Darrell Bate:

Yeah. And I think a lot of our listeners will associate with those sorts of reasons that you've mentioned and the sort of things, age, health, and possibly family issues. So very common reasons why seafarers would want to make that change.

So, you're at this stage, you've got these issues going on and you start thinking, "What do I do?" So did you just jump ashore? Was it serendipity? What was the next step? Did someone help you? What was the next stage for you?

Richard Wasson:

Well, that's where I made some pretty horrendous mistakes.

Darrell Bate:

Ah! That's what we want to hear.

Richard Wasson:

Yeah, yeah. So I thought … because to be honest, I hadn't really had a job onshore since I was at school. I worked in bars and stuff when I was at school, but I never really had a "proper job" onshore. So I came ashore. I didn't really do an awful lot of planning, to be honest with you. And yeah, I did seek a couple of help here and there, but from people who didn't really attach to what I did. They didn't really get what I did. They didn't really get my qualifications, my background, my transferable skills, which I think is a massive thing.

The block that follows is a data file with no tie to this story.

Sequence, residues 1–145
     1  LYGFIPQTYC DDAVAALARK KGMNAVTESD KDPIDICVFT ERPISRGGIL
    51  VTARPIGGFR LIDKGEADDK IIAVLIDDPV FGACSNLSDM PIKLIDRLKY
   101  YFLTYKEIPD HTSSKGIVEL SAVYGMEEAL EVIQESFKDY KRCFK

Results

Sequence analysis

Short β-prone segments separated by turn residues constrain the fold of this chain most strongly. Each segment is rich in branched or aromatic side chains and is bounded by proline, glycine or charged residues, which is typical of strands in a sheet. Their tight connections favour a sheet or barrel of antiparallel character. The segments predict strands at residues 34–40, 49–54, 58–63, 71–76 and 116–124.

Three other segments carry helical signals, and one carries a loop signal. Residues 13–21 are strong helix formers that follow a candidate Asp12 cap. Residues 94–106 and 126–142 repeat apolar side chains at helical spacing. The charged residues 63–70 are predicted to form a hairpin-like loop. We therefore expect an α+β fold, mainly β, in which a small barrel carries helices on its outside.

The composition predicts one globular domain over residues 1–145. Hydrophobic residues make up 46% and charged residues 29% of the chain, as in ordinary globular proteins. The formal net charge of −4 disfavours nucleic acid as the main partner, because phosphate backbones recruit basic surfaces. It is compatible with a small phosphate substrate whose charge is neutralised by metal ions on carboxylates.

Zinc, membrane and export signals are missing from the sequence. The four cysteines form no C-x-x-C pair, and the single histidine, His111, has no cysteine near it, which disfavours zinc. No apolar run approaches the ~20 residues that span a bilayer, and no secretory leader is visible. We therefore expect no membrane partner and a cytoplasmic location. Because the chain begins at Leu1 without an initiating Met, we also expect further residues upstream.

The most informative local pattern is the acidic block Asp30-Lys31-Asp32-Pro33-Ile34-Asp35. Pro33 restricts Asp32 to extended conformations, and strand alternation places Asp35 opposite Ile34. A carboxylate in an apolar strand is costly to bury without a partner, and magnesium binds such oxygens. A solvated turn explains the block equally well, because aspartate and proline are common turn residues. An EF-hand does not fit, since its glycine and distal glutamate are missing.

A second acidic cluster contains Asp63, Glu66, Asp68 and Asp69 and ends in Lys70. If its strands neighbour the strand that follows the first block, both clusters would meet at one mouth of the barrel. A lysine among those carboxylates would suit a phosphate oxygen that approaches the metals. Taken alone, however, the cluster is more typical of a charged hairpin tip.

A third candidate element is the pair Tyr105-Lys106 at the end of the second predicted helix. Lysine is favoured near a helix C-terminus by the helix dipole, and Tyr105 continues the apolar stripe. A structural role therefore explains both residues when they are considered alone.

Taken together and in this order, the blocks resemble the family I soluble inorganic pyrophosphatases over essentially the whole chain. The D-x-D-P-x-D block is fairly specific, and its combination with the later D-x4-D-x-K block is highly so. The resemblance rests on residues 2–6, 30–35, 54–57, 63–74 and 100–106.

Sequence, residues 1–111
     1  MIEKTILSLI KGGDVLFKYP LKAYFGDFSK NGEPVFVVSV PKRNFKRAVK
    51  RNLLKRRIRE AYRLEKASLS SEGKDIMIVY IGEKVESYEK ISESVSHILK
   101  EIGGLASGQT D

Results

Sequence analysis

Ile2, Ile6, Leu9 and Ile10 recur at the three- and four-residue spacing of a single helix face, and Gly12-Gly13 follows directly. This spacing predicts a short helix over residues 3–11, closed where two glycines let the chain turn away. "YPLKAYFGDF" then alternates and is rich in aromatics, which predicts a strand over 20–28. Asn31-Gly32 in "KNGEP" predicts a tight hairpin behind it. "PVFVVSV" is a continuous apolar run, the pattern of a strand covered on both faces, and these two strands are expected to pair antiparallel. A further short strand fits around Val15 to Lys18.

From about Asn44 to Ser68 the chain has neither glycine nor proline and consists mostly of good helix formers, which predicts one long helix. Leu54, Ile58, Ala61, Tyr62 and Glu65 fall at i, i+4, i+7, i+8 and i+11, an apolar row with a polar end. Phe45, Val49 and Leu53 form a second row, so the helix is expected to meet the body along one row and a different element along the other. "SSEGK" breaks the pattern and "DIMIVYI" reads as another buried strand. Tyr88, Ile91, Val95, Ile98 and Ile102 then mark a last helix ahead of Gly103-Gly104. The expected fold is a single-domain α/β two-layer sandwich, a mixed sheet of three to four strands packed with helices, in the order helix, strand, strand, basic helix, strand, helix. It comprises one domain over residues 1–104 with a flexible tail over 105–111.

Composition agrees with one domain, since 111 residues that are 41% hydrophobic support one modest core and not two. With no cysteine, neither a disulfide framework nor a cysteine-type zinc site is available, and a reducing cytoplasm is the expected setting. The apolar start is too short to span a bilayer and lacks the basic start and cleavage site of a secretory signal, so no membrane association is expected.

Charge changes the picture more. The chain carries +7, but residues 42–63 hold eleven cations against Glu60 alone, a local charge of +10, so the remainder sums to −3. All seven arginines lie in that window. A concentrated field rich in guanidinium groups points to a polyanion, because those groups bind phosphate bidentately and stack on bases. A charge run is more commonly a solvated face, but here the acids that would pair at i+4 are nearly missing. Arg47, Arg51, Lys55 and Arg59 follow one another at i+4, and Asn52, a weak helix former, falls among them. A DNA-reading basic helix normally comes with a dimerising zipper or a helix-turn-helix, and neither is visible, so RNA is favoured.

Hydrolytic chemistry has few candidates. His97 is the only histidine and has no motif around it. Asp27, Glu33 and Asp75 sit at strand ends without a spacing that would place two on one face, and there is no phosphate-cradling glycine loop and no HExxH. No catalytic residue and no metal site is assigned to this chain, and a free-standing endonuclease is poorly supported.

And the first couple of years it didn't really go that well. I did set up a business and things, which was okay. I've always been into the mentoring and training side of things. That's always been my passion, even at sea, helping the crew and things. So I set up a small training company to help people with their careers. And that had big, big potential.

I'll be honest though, I didn't financially plan all that well. And therefore, because of that, I got sucked into what I would call the yo-yo syndrome of going back to see again. I'd get an email from a vessel that I used to work on and I'd think, "Yeah, that be great to earn a bit more money." And I ended up going back and forth and not really anchoring myself onshore that well.

Darrell Bate:

And just on that, because I think, again a lot of people will recognize that, that you describe the yo-yo effect. Is that legitimate? I mean, do you think someone can manage that sort of dual life? Or do you think actually that's … perhaps certainly in your case that wasn't sustainable, but do you think there is a place for maintaining sea-going short contracts and so on, and some kind of shore life? What would be your view on that?

Richard Wasson:

I think there is if that's what you're … Yeah. I mean, for me, it's all down to why are you coming ashore in the first place? Of course there are people that do that, and it's quite an uncertain life in a way, because you never really know when the next contract is coming. And I know for certain at the minute there are people who do that. There's quite a lot of people who do relief large-yacht work in terms of Captains, especially. They do transatlantics and that sort of thing.